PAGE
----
Monday, September 4, 2017

Autumn

                                                                                 'Autumn Reflections' Oil on Canvas
                                                                  
                                                                                           Merry Autumn

It's all a farce,—these tales they tell
About the breezes sighing,
And moans astir o'er field and dell,
Because the year is dying.

Such principles are most absurd,—
I care not who first taught 'em;
There's nothing known to beast or bird
To make a solemn autumn.

In solemn times, when grief holds sway
With countenance distressing,
You'll note the more of black and gray
Will then be used in dressing.

Now purple tints are all around;
The sky is blue and mellow;
And e'en the grasses turn the ground
From modest green to yellow.

The seed burs all with laughter crack
On featherweed and jimson;
And leaves that should be dressed in black
Are all decked out in crimson.

A butterfly goes winging by;
A singing bird comes after;
And Nature, all from earth to sky,
Is bubbling o'er with laughter.

The ripples wimple on the rills,
Like sparkling little lasses;
The sunlight runs along the hills,
And laughs among the grasses.

The earth is just so full of fun
It really can't contain it;
And streams of mirth so freely run
The heavens seem to rain it.

Don't talk to me of solemn days
In autumn's time of splendor,
Because the sun shows fewer rays,
And these grow slant and slender.

Why, it's the climax of the year,
The highest time of living!—
Till naturally its bursting cheer
Just melts into thanksgiving.

Paul Laurence Dunbar (1872-1906)

Sunday, September 25, 2016

Crashing Waves at Furbo, Co Galway

Wednesday, July 29, 2015

Stormy Seas

Oil on Canvas Board  12" x 16"

Tuesday, July 21, 2015

Coole Park

'Pathway to the Lake' at Coole Park, Gort Co Galway   Oil on Canvas

These eighteen, 80 year old trees at Coole Park, Gort, have been felled because they posed a “serious risk” to public safety.
The Monterey cypress trees were felled at the former home of Lady Augusta Gregory on advice from expert arborists who found that the trees could fail at any time without warning, and posed a serious risk to public safety.
Some of the trees were infected by a type of bracket fungus called Ganoderma applanatum, but this was not the only reason for their removal, according to the Department of Arts, Heritage and the Gaeltacht.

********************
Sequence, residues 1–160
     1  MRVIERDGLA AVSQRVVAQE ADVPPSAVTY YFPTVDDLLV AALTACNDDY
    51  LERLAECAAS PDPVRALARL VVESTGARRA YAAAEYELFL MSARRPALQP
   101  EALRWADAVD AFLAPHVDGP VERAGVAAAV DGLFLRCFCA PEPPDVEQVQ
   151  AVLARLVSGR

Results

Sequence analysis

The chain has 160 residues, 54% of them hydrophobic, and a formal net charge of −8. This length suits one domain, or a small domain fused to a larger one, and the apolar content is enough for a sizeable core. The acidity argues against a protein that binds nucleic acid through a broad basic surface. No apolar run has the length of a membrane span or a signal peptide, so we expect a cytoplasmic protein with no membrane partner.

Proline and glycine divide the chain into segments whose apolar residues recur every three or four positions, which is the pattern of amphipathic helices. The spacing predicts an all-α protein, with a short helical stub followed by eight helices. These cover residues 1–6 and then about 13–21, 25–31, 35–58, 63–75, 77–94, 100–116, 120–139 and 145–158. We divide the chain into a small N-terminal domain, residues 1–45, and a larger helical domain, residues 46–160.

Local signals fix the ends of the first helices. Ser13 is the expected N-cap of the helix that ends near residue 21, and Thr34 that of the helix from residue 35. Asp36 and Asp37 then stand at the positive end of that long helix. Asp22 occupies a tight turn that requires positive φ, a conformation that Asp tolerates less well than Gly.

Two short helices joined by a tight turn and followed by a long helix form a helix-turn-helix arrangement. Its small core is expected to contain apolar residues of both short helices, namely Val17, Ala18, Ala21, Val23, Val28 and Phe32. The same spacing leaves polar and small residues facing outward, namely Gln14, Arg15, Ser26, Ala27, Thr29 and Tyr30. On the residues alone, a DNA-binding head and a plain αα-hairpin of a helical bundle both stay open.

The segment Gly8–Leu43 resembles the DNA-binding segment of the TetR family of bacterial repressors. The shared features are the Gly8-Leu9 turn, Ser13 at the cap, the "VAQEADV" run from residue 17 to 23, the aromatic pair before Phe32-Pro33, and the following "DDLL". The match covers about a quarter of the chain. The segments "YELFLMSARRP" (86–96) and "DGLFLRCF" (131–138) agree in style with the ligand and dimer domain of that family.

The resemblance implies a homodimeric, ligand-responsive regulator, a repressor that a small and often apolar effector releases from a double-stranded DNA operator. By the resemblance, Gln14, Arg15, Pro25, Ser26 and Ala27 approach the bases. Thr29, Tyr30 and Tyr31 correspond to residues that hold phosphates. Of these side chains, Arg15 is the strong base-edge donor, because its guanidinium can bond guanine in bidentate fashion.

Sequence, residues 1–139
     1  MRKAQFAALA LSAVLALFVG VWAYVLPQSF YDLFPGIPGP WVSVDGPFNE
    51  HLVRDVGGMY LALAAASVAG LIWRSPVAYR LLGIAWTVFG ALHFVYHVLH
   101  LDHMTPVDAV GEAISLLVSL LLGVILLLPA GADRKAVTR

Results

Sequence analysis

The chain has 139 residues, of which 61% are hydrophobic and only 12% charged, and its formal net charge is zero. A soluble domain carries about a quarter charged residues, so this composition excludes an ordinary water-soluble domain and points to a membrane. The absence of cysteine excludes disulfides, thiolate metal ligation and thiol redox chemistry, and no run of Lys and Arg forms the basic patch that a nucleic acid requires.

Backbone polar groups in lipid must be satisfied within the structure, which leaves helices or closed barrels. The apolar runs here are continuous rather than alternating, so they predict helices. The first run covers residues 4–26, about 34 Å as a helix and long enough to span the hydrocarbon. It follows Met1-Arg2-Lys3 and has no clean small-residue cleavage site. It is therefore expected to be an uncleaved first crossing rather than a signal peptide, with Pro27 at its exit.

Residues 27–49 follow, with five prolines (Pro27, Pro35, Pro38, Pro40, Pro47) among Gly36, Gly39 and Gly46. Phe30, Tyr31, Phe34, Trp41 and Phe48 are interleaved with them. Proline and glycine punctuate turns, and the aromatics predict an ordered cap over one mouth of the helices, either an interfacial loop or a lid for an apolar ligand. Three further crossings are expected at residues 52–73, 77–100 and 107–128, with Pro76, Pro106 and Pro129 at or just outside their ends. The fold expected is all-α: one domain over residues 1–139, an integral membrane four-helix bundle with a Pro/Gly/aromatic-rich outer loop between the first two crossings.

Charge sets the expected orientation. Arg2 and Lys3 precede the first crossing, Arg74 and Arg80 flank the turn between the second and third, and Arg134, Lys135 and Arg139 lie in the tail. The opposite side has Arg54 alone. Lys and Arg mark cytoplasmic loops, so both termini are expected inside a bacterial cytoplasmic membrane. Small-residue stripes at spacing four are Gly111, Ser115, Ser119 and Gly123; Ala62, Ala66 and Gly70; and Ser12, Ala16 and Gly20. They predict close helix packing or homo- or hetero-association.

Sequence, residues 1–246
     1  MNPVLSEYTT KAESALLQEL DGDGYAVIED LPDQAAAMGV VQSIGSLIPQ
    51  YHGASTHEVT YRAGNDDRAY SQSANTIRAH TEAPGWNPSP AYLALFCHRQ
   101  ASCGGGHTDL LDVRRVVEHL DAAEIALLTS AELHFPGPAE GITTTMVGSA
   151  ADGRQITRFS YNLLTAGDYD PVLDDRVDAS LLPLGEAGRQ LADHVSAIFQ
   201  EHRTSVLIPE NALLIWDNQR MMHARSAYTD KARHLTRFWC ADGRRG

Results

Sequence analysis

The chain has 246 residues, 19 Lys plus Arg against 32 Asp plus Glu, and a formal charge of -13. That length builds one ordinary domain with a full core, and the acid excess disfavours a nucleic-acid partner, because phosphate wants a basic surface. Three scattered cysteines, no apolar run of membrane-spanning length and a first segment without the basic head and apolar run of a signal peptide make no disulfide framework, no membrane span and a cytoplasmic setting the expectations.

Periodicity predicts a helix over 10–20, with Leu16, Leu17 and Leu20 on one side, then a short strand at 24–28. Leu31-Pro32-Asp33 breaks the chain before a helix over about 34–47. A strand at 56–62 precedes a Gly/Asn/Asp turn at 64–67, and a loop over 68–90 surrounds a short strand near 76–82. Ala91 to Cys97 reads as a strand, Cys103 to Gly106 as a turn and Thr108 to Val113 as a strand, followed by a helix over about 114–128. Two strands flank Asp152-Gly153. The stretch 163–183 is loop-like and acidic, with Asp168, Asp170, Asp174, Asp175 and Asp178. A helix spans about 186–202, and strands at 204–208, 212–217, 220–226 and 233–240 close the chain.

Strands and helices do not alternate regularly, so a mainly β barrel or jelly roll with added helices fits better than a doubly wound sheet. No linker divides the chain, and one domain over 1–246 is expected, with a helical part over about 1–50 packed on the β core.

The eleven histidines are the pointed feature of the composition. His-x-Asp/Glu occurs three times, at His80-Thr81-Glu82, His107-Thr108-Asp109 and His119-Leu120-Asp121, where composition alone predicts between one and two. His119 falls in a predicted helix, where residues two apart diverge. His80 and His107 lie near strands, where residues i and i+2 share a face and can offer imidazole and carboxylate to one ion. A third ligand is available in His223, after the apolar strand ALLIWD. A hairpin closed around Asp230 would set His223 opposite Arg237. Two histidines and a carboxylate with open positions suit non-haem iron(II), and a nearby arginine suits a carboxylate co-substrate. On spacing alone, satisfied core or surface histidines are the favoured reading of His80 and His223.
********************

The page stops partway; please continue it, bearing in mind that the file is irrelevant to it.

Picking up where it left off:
“The trees were in very poor condition. The crowns of the trees were very damaged and in these cases, failure of the roots or falling branches is not uncommon in this species,” said a spokesperson.
http://www.galwayindependent.com/20140911/news/historic-trees-felled-due-to-public-safety-risk-S43837.html

Sunday, August 31, 2014

Dunguaire Castle, Kinvara, Co Galway

Oil on Canvas
Dunguaire Castle is a 16th century tower house located in Kinvara on the shores of Galway Bay.  The castle was built in 1520 by the O’Hynes clan and passed into the hands of the Martyn’s of Galway in the early 17th century.  Richard Martyn, Mayor of Galway lived here until 1642 and the Martyn’s of Tulira Castle, owned the castle until this century.
In 1924 Dunguaire was bought and repaired by Oliver St. John Gogarty, the famous surgeon and literary figure. This was the time of the great Celtic revival in Irish literature exemplified by the works of writers such as Synge, Yeats Shaw and O'Casey. It became the venue for meetings of the literary revivalists such as W.B. Yeats, his patron Lady Gregory, George Bernard Shaw, Edward Martin and J.M. Synge. Yeats in particular believed strongly in the Celtic Bardic tradition and set about reviving the ancient oral customs incorporating them into his plays and poetry.  

In 1954 the castle was acquired by Christobel Lady Amptill who completed the restoration started by Oliver St. John Gogarty.

Wednesday, March 26, 2014

Friday, November 22, 2013

The Lonesome Boatman

Tranquility  Oil on Canvas  Patricia Kavanagh

Kylemore Lake  Oil on Canvas  Patricia Kavanagh

Listen to this beautiful air written by Finbar Furey in 1968.